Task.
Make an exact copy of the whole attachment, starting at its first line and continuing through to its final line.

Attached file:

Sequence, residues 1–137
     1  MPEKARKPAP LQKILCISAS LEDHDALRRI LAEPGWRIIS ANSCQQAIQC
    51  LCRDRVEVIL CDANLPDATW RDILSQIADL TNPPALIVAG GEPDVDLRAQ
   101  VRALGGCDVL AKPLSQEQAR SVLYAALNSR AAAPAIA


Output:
Sequence, residues 1–137
     1  MPEKARKPAP LQKILCISAS LEDHDALRRI LAEPGWRIIS ANSCQQAIQC
    51  LCRDRVEVIL CDANLPDATW RDILSQIADL TNPPALIVAG GEPDVDLRAQ
   101  VRALGGCDVL AKPLSQEQAR SVLYAALNSR AAAPAIA